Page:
The continent’s leaders must snap out of their “war psychosis,” Foreign Minister Peter Szijjarto has warned Peter Szijjarto speaks during a press conference in Budapest, Hungary, December 7, 2021 © AFP / Attila Kisbenedek
Europe is moving closer to “catastrophe in every sense,” Hungarian Foreign Minister Peter Szijjarto declared on Monday, before extending Budapest’s veto on EU arms transfers to Ukraine.
“Europe is moving closer to a catastrophe – in every sense, unfortunately,” Szijjarto wrote on Facebook before meeting with EU foreign ministers in Luxembourg on Monday. “Now even bigger trouble could be prevented and many thousands of lives could be saved,” he continued, “but to do this one would have to break out of the war psychosis.”
“I have no illusions that this will happen at the meeting of the EU Foreign Ministers in Luxembourg today,” he concluded.
Szijjarto’s prediction played out on Monday. After an address by Ukrainian Foreign Minister Dmitry Kuleba, the bloc’s top diplomats voted to increase their joint weapons fund for Ukraine by an additional €3.5 billion ($3.85 billion).
Known as the ‘European Peace Facility’ (EPF), the fund is a €5.6 billion ($6.08 billion) purse that the bloc uses to finance foreign militaries and reimburse its own members who send arms to foreign conflicts. Before the conflict in Ukraine, the ‘Peace Facility’ had only been used to supply non-lethal equipment to Georgia, Mali, Moldova, Mozambique, and Ukraine, for a total of less than $125 million.
Ukrainian victory is ‘impossible’ – Orban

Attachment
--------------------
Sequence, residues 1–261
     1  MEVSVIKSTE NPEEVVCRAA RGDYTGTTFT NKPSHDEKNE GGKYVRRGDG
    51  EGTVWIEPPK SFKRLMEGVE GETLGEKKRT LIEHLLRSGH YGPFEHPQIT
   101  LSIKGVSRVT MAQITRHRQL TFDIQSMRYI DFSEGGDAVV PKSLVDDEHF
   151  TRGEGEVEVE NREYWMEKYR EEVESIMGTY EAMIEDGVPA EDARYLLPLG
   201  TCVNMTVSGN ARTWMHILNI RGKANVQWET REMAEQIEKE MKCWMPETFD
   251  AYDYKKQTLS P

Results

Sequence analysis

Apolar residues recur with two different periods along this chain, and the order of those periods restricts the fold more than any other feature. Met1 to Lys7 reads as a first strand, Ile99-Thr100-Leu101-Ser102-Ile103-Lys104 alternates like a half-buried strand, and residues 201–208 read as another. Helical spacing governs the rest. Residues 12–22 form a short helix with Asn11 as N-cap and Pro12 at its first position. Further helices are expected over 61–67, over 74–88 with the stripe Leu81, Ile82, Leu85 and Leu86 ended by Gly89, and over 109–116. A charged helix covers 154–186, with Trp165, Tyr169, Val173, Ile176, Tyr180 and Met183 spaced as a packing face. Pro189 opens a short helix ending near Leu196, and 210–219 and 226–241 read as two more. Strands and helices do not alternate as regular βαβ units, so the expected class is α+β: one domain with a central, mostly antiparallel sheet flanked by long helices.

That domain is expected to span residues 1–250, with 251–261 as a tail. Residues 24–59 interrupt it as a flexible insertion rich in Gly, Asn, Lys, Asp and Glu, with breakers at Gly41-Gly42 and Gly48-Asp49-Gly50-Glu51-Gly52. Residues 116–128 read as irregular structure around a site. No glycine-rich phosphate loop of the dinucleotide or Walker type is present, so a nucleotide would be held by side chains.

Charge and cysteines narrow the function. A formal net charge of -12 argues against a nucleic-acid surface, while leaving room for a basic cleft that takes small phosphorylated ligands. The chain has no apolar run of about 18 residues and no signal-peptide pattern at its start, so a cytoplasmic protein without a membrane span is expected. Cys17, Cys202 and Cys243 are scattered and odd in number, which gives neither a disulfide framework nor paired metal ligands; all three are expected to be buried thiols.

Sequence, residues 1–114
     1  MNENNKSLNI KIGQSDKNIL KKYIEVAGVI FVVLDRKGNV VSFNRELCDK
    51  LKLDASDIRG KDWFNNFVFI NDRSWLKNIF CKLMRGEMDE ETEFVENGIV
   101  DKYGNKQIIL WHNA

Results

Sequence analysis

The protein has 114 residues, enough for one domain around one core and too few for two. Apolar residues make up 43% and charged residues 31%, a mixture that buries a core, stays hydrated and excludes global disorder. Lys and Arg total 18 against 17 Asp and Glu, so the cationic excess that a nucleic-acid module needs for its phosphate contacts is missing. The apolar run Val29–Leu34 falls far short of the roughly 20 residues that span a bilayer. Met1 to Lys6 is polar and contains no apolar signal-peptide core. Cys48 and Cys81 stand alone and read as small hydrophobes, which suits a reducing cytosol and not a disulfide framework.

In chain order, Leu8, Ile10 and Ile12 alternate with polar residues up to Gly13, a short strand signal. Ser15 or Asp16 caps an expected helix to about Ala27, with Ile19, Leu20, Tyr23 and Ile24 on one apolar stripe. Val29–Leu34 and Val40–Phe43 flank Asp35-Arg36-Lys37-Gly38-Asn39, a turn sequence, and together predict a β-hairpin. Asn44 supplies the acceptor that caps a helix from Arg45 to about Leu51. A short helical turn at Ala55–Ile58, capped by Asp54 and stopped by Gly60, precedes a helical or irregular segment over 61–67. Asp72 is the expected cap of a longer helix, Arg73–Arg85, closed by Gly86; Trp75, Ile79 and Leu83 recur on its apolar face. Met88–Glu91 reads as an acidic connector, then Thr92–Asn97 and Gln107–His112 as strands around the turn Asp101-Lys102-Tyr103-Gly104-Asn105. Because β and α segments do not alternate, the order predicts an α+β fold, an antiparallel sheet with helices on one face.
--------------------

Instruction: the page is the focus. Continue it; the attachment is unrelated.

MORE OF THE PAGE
While the EPF’s ceiling will be increased, Szijjarto confirmed on Monday that Hungary will maintain its veto on the latest €500 million ($546 million) tranche of arms from the fund for another month. Budapest is currently blocking the transfer of EU weapons to Ukraine due to Kiev’s blacklisting of Hungarian companies doing business in Russia.
Szijjarto and Hungarian Prime Minister Viktor Orban have both repeatedly called for a ceasefire and peace deal in Ukraine, while insisting that anti-Russia sanctions hurt Europe more than they hurt Russia.
In an interview with German tabloid Bild on Tuesday, Orban stated that the idea of a Ukrainian victory on the battlefield is “impossible” and that without an immediate ceasefire, Ukraine will “lose a huge amount of wealth and many lives, and unimaginable destruction will occur.”
“What really matters is what the Americans want to do,” Orban said, explaining that “Ukraine is no longer a sovereign country. They don’t have any money. They have no weapons. They can only fight because we in the West support them.” (RT)